The Regional Westside Wastewater Treatment Plant is better equipped for future growth after the recent completion of a $13.3 million expansion.
The plant, which treats water from West Kelowna, Peachland and Westbank First Nation sewer systems was previously equipped to serve a population of 43,000—now it will be able to serve a larger population.
According to chief operator of the plant, Mike Wyman, major upgrades included the addition of a centrifuge, two new bioreactors, secondary clarifiers and UV disinfection.
“With the expansion and the development of the local area, (the future) is always a concern,” said Wyman.
“You never want to be behind.”
The upgrade has expanded flow capacity from 11.2 M3/d to 16.8 M3/d.
The purpose of the wastewater treatment plant is to treat waterborne waste to a degree that it may be discharged at an environmentally acceptable level, prevent the pollution of surface waters and protect downstream users.
Wyman said there are still many residents who have the wrong idea about what the plant does.
“A misconception would be that the wastewater is basically doused with some sort of chemical to remove the waste then sent out to Okanagan Lake.”
Wyman toured local dignitaries and other guests throughout the plant Wednesday morning to show them the entire process of treating wastewater.
He explained that the facility is world-class for its use of automation.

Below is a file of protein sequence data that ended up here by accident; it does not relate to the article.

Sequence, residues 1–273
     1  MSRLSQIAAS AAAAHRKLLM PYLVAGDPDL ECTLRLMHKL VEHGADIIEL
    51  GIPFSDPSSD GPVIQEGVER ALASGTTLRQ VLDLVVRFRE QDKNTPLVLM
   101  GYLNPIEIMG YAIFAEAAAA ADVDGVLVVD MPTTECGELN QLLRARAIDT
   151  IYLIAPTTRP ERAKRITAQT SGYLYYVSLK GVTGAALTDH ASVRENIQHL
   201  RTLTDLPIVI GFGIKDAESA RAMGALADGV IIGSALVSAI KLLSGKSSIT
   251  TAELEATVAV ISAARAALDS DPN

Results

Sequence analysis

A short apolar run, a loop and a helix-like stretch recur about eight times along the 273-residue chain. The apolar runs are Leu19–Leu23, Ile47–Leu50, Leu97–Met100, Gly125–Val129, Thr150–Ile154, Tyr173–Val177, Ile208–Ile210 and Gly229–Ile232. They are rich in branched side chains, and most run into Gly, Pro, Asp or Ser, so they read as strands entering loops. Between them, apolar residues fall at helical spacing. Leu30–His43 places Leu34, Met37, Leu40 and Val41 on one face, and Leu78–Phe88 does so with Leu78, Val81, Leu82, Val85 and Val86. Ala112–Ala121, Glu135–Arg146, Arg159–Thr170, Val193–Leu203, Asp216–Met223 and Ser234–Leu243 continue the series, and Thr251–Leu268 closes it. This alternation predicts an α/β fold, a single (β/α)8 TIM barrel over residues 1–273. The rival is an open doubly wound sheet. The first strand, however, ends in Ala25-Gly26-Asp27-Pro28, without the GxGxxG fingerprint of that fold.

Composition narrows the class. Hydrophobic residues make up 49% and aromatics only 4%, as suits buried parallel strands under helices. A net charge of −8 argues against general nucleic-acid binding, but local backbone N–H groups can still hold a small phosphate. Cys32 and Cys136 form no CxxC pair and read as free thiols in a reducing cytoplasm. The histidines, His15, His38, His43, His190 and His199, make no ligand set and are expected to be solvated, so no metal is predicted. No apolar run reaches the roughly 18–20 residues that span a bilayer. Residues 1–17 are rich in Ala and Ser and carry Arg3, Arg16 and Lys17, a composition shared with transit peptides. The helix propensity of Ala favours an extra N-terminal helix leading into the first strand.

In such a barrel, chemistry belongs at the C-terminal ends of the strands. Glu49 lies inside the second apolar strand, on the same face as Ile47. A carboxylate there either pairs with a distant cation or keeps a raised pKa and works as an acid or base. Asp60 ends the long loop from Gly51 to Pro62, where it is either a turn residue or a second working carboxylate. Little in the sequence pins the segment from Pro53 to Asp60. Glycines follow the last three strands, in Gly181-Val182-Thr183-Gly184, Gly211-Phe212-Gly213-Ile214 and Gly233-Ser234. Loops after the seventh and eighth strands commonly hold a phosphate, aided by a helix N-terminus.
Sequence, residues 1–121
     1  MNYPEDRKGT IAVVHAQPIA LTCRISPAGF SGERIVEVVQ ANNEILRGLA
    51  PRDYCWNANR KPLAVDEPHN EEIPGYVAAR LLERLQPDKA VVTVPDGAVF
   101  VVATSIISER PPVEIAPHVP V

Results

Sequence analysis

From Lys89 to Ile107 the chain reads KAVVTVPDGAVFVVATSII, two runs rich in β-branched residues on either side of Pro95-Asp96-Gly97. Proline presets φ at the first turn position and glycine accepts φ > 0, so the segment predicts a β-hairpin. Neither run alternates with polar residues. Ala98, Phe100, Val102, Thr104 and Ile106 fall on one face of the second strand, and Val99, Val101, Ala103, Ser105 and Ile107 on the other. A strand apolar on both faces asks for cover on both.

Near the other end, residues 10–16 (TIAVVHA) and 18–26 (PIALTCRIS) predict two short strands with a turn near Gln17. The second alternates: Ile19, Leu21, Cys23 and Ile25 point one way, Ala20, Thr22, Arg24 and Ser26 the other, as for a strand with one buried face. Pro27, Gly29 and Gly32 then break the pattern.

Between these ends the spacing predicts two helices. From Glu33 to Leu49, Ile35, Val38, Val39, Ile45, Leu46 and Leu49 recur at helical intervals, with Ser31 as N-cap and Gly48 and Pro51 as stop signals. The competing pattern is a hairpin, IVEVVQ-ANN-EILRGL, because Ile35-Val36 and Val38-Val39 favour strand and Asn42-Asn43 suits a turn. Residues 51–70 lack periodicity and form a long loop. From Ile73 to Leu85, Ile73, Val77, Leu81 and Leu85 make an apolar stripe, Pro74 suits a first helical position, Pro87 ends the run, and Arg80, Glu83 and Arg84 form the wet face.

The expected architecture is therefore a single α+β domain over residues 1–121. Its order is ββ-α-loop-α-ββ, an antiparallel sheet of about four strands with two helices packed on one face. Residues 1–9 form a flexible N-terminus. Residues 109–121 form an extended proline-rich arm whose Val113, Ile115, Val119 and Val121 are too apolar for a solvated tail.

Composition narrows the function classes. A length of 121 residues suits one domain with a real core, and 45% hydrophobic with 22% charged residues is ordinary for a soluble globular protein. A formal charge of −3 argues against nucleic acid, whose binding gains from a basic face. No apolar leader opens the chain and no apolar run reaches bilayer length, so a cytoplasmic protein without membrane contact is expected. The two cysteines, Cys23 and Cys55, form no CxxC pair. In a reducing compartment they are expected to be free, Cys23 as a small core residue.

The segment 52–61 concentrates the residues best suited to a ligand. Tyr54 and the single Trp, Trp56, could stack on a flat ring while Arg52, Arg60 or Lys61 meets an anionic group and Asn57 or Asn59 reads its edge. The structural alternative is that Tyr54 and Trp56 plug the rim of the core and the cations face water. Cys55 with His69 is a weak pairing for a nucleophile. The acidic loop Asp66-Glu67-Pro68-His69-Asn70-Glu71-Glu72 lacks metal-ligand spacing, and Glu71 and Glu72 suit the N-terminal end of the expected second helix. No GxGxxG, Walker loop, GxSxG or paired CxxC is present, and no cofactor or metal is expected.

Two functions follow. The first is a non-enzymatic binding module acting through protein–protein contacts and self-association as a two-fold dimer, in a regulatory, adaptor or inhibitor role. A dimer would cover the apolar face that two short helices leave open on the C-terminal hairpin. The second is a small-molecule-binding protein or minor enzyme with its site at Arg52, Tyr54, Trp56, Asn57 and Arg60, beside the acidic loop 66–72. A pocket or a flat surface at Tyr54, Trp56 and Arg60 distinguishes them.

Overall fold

“Even back in 1988, it was one of the most automated plants in the world and still is to this day.”
The Canada-British Columbia Building Canada Fund—Communities Component funded $4.9 million of the total cost. The remaining funds for the expansion came from reserve contributions collected by the three local government stakeholders.
“This project meets the communities’ goal of high environmental standards and allows for additional capacity to bring on expanded neighbourhood growth,” said Westside-Kelowna MLA Ben Stewart.
Wyman said a fourth upgrade will likely occur in the future, but a timeline for that expansion has yet to be determined.
“It depends on development of the local area, but there is definitely a stage four,” said Wyman.
“It would be another set of bioreactors, another set of clarifies, probably more filtration.”
He added the ongoing concern of odour control would also be looked at in the future.